Czech Prime Minister Mirek Topolanek does not support Dusan Luzny's bid to become the Czech Republic's next Education Minister, reported the iDNES news website on Wednesday. Mr. Topolanek objects to Dusan Luzny's candidature on the grounds that he was the second-in-command at the Education Ministry when it failed to secure over 60 billion CZK (3 billion USD) worth of EU funds, in a mix-up which later caused the then Education Minister, Dana Kuchtova, to resign. Dusan Luzny is the Green Party's chosen candidate to succeed Dana Kuchtova as Education Minister, but his candidature does not have to support of Prime Minister Topolanek, who today told journalists that 'a complete break from the past' was needed at the ministry. Mr. Luzny is also lacking the support of other prominent members of the coalition parties - on Wednesday, senior Christian Democrat Michaela Sojdrova said that she could not support his bid for the ministry as he had been a member of the Communist Party under the last regime.
But it's not all bad news in the world of Czech football - national goalkeeper Petr Cech has been nominated for FIFA's 'World Player of the Year' award for the second year in a row. The shortlist came out on Wednesday, and saw Mr. Cech nominated alongside 29 other players, including five members of Italy's 2006 World Cup winning side, but no other Czechs. The favourite for the award is Brazilian player Kaka, who has already been named 2007 Player of the Year by the professional soccer players' union FIFPro. The winner will be announced in Zurich on December 17th.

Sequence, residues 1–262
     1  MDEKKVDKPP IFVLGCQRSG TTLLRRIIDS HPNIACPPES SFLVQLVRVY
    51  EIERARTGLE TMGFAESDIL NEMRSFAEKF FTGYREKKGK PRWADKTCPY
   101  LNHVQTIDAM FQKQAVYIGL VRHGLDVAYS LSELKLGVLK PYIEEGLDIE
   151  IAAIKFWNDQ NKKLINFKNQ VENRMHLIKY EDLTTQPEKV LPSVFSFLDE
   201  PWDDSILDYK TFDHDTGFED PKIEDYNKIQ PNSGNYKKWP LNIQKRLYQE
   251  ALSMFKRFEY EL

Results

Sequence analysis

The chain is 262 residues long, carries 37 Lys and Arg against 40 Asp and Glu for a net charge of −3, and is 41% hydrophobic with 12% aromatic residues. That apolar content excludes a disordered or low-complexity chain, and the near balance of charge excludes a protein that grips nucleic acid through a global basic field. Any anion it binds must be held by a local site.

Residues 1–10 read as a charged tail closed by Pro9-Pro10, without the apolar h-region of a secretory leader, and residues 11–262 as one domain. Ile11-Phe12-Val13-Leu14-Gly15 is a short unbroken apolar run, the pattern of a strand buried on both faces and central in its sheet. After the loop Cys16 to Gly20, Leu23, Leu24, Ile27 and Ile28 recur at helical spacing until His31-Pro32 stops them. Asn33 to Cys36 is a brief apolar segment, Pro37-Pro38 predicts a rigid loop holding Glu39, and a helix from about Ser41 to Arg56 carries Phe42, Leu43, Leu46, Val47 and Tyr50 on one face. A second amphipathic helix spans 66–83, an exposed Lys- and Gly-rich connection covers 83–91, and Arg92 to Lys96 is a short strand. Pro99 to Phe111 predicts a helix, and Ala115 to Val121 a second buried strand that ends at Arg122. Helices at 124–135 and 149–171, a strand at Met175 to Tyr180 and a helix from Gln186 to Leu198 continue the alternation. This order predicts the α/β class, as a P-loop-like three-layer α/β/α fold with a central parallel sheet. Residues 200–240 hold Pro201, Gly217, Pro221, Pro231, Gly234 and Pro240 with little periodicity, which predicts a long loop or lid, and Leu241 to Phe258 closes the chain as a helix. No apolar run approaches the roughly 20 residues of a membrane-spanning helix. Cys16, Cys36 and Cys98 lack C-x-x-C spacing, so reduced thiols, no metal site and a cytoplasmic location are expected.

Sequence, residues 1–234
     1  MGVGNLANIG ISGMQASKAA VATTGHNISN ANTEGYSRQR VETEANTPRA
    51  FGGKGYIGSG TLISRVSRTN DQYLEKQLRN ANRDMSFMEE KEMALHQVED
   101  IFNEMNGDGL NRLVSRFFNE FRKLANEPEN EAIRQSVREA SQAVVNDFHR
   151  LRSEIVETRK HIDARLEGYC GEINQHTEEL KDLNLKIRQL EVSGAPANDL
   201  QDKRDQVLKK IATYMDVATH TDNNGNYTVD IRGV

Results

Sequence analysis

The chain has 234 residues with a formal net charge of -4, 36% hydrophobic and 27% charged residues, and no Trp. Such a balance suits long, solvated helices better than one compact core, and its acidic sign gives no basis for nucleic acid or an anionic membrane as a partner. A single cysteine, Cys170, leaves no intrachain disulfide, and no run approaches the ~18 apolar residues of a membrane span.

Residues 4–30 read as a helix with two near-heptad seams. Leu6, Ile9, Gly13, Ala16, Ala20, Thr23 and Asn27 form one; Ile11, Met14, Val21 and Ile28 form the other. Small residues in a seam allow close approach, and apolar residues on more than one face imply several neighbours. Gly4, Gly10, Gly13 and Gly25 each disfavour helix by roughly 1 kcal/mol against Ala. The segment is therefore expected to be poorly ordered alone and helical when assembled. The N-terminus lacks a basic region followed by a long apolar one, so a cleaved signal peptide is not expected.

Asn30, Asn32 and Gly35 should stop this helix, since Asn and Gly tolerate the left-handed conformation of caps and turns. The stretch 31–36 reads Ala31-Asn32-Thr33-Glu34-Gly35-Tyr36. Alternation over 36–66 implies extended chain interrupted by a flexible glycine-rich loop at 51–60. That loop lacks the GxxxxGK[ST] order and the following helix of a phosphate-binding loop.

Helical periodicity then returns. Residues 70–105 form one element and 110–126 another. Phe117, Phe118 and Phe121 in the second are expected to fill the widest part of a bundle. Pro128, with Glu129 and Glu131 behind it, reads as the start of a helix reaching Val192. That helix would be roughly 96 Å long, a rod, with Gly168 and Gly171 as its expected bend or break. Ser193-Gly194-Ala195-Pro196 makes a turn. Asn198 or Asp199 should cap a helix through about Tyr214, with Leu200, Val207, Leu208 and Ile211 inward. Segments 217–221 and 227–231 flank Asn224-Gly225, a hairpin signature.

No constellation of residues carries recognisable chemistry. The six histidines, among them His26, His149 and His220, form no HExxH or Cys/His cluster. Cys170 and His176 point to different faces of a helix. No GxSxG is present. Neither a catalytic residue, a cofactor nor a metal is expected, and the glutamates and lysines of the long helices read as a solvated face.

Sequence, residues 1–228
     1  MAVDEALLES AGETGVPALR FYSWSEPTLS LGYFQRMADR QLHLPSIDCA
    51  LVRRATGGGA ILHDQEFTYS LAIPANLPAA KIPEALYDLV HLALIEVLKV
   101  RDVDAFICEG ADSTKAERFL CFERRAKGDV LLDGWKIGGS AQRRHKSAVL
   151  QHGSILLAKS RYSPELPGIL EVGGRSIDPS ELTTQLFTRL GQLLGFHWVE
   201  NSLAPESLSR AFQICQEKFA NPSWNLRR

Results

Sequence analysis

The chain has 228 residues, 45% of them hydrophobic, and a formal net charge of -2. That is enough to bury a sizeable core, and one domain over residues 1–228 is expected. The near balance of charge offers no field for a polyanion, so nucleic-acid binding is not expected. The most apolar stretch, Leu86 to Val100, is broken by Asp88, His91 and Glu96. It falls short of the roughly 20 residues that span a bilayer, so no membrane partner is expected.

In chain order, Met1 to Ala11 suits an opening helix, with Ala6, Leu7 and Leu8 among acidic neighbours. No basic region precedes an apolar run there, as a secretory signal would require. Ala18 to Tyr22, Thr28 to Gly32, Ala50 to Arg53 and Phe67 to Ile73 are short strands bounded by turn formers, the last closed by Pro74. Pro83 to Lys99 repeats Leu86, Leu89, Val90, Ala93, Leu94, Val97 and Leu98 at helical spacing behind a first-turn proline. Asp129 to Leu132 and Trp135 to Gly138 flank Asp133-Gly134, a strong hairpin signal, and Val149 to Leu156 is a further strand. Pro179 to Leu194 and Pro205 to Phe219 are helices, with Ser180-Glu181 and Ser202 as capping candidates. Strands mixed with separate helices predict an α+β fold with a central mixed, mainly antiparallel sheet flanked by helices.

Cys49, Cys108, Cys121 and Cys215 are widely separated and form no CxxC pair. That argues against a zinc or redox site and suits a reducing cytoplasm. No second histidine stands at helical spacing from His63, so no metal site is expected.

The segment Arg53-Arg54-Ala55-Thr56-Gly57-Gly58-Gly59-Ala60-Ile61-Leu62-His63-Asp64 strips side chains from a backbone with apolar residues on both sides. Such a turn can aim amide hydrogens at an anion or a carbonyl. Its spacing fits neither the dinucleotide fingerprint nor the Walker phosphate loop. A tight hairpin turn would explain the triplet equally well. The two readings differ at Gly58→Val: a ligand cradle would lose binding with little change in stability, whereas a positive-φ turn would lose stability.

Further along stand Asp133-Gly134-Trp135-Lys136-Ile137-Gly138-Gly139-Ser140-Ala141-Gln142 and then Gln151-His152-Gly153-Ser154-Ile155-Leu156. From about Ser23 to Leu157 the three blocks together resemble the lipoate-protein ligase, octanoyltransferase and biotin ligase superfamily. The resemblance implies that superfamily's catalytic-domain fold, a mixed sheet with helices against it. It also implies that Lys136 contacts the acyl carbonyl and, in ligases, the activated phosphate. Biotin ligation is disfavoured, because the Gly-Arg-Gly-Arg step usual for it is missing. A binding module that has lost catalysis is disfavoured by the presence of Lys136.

A State Attorney has been fined 15% of his wages for the next three
months, having been found guilty of professional misconduct by the High
Court in Olomouc. Mr. Horvath's wages were docked following the loss of a
file on fugitive Czech businessman Radovan Krejcir, which was in his care
at the time. The file was stolen from Mr. Horvath's car in May this year,
where he had left it unattended. It was later retrieved and two people have
been charged in connection with the theft. But the judge ruling in Mr.
Horvath's case said today that 'a state attorney has to behave in such a
way that the possibility of a file getting lost is minimal'. He deemed that
Mr. Horvath's behaviour had been reckless. Mr. Horvath has already been
suspended from his post as a result of the incident.
Radovan Krejcir is a fugitive businessman wanted in the Czech Republic on charges of fraud. A South African court is currently considering whether he should be extradited.
On Wednesday, Finance Minister Miroslav Kalousek predicted that this
year's budget deficit would be in the region of 81 billion CZK (4 billion
USD). This figure was, he said, 10 billion CZK lower than originally
predicted. Mr. Kalousek said that while the budget deficit was originally
expected to be around 3.9% of GDP, this figure had been revised down to
3.6% GDP given the strong performance of the Czech economy in recent
months. The Finance Minister said that public spending had created a 122
billion-crown deficit this year, but that this had been alleviated by the
selling-off of shares in CEZ and other such state-run companies.
This comes as the European Commission advises the Czech Republic to make steeper cuts in its public spending. On Tuesday it directed the Czech Republic to cut its public spending deficit to below 1% of GDP by 2012.